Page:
To make gold strong enough to withstand life as a ring, it’s blended with other metals. Depending on the materials used, gold keeps its yellow. Other recipes cause gold to change hues, which then becomes colored gold. While hues like black, grey and purple are available, many shades are rare. White and rose gold are the most popular hues.

White gold has many formulas. Alloys which include nickel are less popular today due to skin sensitivities. Other blends involve palladium, manganese and even copper. White gold engagement rings coordinate well with diamonds, creating a tone on tone effect. They are also a budget friendly alternative to platinum.

Rose gold, as the name implies, takes on a pinkish or reddish tint. Copper is responsible for its color, while other metals add different properties like ease of shaping. Diamond bands made with rose gold provide contrast between metal and jewel. Those seeking warm hues aside from yellow may want to consider rose gold.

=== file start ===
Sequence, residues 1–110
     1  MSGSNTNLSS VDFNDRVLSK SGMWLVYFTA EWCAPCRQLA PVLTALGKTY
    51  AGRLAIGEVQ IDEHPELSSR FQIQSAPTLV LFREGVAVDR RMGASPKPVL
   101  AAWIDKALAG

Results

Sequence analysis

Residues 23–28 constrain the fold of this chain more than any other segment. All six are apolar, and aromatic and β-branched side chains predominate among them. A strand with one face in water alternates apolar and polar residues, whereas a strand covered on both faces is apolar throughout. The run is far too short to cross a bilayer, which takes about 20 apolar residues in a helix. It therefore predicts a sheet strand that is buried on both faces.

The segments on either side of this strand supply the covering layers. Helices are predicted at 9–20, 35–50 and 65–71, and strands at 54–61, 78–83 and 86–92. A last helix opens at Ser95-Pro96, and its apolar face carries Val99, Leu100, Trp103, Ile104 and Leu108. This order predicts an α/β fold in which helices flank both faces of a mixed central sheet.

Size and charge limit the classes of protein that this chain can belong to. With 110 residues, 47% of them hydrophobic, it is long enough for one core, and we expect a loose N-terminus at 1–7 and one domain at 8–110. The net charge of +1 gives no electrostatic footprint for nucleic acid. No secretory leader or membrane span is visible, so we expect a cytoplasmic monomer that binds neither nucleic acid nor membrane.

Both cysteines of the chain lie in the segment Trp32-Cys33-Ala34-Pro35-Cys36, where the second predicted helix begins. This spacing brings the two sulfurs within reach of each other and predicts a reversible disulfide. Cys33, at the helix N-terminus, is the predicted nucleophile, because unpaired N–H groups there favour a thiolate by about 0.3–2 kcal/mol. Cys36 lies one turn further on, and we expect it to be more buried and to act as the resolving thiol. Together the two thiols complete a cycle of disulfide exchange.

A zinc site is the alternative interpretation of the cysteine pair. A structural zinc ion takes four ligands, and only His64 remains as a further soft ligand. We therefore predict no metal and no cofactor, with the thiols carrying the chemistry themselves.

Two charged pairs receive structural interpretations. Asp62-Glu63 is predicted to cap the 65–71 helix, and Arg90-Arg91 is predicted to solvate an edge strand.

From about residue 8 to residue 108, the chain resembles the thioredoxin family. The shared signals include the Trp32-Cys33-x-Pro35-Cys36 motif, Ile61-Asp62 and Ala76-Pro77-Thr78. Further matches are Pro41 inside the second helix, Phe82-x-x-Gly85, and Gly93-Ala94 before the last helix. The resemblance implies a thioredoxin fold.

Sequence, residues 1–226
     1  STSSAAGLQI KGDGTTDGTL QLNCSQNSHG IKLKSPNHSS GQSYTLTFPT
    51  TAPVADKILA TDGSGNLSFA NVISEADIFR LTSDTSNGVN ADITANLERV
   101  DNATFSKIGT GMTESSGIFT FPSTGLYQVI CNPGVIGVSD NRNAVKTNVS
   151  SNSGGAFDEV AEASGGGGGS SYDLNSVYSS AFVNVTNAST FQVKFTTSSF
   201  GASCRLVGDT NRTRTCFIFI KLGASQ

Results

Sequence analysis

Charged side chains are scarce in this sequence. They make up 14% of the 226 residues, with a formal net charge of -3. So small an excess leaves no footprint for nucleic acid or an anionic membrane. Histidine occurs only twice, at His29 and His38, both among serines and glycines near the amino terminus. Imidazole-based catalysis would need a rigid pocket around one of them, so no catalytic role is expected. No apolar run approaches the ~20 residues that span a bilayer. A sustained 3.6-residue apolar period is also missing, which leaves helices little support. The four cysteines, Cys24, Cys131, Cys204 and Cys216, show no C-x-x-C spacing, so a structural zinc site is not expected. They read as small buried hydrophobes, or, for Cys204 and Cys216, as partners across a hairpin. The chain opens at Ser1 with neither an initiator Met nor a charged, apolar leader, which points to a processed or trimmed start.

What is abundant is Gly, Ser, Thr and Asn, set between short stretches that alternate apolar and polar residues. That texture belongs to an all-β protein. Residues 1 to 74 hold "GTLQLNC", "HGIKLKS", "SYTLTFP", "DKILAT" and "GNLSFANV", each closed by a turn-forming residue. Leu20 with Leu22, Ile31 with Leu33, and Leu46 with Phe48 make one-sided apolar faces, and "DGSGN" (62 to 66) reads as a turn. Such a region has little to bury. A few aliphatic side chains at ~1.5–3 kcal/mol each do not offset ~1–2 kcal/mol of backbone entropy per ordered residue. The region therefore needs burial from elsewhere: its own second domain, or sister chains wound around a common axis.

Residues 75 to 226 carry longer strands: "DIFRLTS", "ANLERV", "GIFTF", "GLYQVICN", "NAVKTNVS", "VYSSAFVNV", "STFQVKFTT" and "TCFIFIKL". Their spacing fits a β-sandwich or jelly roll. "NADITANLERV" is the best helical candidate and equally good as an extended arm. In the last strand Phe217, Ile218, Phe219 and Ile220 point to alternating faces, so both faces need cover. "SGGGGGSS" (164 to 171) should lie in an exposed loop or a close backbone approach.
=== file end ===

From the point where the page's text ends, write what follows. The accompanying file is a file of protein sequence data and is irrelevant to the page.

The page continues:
Many wedding bands play with color. Instead of being just yellow or rose, they use two or more types of colored gold. This sometimes shows as stripes, or one color on the outside and a different hue lining the inner band. A subtle form of multicolor gold wedding bands has the ring in one hue, but prongs in another.